Like other port cities, Philadelphia is finding how easy it is to get excited about the Tall Ships.
Some 30 of the graceful, stately sailing vessels are helping the City of Brotherly Love observe its fourth century this week. Their arrival has dominated the news.
The diversion is welcome. For Philadelphia faces some nagging problems, including one most residents weren't aware of until this week.
Mayor William Green III has just signed legislation increasing property taxes by 6 percent and business-use and occupancy taxes by 30 percent to try to raise fall by a strike by the local teachers federation, are in severe financial straits. The teachers bowed to a court order to return to work, but they still have no contract.
Meanwhile, future tax collections and a host of potential services for the elderly could be heavily influenced by the disclosure that a quarter of the city's heads of households are over the age of 65. That is double the percentage of 10 years ago.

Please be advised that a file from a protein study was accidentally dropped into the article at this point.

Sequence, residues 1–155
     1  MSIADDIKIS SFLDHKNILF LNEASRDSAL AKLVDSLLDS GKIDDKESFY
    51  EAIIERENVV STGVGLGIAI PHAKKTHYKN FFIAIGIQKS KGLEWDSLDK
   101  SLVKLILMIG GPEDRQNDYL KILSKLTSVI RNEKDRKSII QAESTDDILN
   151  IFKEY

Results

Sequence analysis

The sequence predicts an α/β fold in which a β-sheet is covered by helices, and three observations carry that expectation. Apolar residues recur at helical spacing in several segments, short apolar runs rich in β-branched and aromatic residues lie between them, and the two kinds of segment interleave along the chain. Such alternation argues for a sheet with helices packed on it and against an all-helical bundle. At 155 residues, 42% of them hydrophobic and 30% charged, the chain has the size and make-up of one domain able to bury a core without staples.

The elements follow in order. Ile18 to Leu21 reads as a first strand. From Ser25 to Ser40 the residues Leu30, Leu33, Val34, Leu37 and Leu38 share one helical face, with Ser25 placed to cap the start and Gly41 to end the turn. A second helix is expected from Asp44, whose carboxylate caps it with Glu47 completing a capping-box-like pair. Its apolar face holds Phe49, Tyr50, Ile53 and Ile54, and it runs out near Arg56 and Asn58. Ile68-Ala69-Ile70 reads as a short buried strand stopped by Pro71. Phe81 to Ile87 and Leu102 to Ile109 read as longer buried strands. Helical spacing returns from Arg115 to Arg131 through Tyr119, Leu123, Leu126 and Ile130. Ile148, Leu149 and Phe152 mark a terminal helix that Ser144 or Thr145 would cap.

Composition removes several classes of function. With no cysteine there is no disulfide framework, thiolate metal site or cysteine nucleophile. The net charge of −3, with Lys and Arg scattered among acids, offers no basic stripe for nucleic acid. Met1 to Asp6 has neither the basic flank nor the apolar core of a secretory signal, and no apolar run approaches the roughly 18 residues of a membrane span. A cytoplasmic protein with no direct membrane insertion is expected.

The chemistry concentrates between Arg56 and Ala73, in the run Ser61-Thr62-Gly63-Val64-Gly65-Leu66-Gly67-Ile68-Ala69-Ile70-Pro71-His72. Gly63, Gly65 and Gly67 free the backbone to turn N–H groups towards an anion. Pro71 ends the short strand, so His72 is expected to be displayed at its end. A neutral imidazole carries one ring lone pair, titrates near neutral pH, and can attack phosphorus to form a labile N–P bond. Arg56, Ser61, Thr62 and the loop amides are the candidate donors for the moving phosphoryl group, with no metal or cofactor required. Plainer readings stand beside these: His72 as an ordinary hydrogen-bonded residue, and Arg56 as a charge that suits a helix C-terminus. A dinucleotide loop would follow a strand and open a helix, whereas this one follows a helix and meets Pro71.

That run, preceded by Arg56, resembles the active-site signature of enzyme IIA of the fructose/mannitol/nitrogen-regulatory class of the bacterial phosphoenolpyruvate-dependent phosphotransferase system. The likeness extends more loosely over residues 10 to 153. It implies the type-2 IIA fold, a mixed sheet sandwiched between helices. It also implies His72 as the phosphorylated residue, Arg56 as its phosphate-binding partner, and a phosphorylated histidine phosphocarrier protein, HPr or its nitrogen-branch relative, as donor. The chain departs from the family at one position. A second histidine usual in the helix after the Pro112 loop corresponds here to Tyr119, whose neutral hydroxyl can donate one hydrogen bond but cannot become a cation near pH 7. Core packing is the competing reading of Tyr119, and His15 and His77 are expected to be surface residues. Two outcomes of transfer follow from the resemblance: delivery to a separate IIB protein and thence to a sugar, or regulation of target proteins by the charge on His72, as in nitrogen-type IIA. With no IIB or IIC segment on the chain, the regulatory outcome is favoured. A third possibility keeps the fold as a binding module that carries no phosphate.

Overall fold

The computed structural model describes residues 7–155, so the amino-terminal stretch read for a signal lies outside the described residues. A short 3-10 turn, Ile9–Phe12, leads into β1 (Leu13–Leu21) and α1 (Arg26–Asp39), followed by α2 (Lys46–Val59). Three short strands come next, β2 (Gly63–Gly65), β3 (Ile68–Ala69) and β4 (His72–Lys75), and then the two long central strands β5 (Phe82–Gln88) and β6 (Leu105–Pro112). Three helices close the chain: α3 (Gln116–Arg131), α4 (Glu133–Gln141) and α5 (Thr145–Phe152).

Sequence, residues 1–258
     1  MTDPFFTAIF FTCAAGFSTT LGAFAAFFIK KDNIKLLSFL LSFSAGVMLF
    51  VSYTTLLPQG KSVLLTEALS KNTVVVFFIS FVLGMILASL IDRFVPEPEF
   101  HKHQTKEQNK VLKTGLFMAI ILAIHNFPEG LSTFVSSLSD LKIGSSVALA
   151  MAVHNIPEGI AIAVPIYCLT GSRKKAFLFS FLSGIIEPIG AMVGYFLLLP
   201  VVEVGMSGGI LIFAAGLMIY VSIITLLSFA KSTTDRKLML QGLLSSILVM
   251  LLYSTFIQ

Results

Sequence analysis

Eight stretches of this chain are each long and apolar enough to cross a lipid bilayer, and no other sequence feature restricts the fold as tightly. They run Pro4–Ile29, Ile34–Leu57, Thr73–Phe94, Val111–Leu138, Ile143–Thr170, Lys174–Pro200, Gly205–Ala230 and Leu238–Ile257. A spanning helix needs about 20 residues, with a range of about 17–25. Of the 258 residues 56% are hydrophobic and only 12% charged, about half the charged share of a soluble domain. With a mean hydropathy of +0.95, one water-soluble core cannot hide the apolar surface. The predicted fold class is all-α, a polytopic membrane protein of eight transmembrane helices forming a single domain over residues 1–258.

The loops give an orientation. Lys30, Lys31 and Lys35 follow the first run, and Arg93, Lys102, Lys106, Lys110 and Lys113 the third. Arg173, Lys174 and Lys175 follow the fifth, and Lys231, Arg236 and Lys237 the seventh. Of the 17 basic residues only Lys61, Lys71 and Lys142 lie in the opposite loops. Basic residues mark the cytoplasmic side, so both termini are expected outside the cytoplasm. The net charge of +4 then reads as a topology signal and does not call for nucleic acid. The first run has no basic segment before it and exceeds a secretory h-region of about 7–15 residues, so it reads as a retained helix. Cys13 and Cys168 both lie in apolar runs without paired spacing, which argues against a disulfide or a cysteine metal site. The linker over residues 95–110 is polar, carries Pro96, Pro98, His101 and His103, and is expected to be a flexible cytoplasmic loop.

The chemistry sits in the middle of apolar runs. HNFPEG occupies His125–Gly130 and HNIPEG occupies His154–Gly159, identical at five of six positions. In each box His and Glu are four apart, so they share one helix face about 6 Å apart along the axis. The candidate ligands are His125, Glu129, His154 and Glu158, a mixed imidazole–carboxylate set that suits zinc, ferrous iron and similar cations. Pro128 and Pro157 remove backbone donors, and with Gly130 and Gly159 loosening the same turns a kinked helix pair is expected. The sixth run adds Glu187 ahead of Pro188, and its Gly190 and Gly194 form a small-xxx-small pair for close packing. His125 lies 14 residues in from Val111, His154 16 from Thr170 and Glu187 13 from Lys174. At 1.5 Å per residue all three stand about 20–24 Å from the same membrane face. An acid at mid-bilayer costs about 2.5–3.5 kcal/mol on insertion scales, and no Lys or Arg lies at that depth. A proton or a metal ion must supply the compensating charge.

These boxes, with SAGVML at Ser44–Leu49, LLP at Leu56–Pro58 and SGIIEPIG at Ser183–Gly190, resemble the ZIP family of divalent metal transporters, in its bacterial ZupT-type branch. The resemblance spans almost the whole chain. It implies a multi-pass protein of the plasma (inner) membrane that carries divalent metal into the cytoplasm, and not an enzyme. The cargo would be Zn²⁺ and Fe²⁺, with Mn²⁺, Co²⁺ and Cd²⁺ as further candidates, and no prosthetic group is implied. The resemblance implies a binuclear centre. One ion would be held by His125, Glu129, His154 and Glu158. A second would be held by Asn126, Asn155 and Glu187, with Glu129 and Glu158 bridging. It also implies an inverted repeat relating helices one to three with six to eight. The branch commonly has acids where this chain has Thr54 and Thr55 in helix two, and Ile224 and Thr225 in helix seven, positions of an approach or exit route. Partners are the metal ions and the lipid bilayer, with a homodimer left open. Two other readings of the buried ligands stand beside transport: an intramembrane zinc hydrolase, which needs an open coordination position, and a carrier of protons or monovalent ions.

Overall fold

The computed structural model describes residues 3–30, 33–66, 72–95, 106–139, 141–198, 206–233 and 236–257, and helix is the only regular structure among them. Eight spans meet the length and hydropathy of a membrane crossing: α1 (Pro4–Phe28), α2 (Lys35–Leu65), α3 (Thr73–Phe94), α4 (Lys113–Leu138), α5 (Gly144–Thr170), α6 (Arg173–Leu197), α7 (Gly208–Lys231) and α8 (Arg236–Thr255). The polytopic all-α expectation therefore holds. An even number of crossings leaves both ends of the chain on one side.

While the situation, discovered in the 1980 US Census, is not considered unique to Philadelphia, it raises such issues as:
* Will such people be willing to spend public funds to benefit schools that they have no need of?
* Will they be willing or able to maintain their old and often poorly insulated houses?
Nancy Gerlach, director of planning for the nonprofit Philadelphia Corporation for the Aging, says many older persons don't take advantage of existing home-improvement programs because these require soliciting of bids, negotiating terms with contractors, and the like. The solution, she thinks, is access to grant, not loan, programs.
* How much should younger heads of households have to bear the cost of water, gas, and other public services that are discounted for elderly persons?
Between them, the Philadephia water and gas utilities granted $24.5 million in discounts last year to ratepayers 65 or older. With gas prices certain to rise, these discounts seem likely to rise too.